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Downing Street hits 100th coronavirus press conference

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Boris Johnson will be joined by his medical and scientific advisors later for a coronavirus press conference – the 100th briefing since the pandemic hit the UK.

The Prime Minister will be flanked by chief medical officer for England professor Chris Whitty and chief scientific adviser Sir Patrick Vallance – the original briefing line-up going back to the first press conference which took place at Downing Street on March 16.

A lot has happened since that first briefing six months ago, with the UK death toll currently sitting at more than 42,000.

Mr Johnson set out the need for “drastic action” to tackle the “fast growth” of coronavirus at the initial presser.

Prof Whitty said measures to tackle the spread of the disease would need to be in place for a “prolonged period”, an early sign that normal life was to change for quite some time.

Three days later, on March 19, Mr Johnson said the UK could “turn the tide” of the coronavirus outbreak in the next 12 weeks if people take the precautionary steps the Government had outlined.

The first briefing on March 16 (PA)
The first briefing on March 16 (PA)

On that day 28 weeks ago, the Prime Minister said: “I’m conscious as the days have gone by that people will want to know how long we’re expecting them to keep it up.

“I think, looking at it all, that we can turn the tide within the next 12 weeks and I’m absolutely confident that we can send coronavirus packing in this country.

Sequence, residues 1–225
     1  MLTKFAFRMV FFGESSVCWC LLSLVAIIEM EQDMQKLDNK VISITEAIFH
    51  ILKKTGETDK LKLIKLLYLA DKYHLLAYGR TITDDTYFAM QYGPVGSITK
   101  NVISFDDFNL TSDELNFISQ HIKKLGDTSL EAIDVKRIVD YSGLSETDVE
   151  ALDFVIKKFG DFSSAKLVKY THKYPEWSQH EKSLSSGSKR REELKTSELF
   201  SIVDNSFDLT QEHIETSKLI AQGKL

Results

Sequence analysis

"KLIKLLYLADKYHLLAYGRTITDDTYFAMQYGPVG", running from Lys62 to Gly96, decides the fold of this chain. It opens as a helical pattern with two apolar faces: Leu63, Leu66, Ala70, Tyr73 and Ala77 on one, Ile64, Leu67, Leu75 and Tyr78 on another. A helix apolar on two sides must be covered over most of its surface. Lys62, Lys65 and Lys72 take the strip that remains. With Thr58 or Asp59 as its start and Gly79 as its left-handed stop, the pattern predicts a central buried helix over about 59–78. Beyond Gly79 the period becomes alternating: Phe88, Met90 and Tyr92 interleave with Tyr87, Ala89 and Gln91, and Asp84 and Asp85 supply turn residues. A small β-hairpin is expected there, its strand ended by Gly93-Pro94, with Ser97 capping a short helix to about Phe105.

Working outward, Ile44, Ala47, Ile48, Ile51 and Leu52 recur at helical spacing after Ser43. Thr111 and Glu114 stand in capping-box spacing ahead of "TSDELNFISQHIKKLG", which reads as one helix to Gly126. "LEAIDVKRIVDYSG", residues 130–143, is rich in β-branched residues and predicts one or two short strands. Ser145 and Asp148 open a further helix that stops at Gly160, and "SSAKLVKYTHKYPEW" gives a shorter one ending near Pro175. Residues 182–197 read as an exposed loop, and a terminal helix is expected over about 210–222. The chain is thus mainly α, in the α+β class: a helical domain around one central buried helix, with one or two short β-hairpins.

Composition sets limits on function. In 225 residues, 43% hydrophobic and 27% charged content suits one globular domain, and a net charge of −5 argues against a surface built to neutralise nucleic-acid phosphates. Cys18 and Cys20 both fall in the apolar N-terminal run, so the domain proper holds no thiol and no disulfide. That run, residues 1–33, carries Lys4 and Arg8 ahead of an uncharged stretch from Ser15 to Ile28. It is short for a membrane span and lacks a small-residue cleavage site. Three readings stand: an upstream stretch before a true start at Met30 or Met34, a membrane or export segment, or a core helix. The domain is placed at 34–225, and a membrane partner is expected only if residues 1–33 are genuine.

“But only if we all take the steps that we’ve outlined, that is vital, that’s how we’re going to reduce the peak and once we’ve achieved that and I think that we will, if we take the steps I’ve said, then the scientific progress that we’ve been making will really start coming into play.”

At the June 16 briefing, in response to a question from a journalist about turning the tide within 12 weeks, Mr Johnson said: “I said we would turn the tide, and I really think we did, within 12 weeks.”

But alas, the Prime Minister and his advisers will once again take to their podiums at Downing Street later today.

It is not clear if anything particularly significant will be announced, but on Tuesday the Prime Minister’s official spokesman said: “The purpose of that is to provide an update on the latest statistics. It is not because there is some specific set of new announcements to make.”

The daily briefings came to an end on June 23 with the public told that briefings would only take place in future to “coincide with significant announcements”.

Since then there have been seven coronavirus briefings, with Wednesday’s being the eighth since the daily briefings stopped and the 100th overall.

Mr Johnson made his debut at the coronavirus briefing podium on March 16, and today will be the 21st time he will have led the press conference.

He may have led more if he had not been struck with Covid-19 himself, getting so ill that he was moved to intensive care after his symptoms worsened on April 6.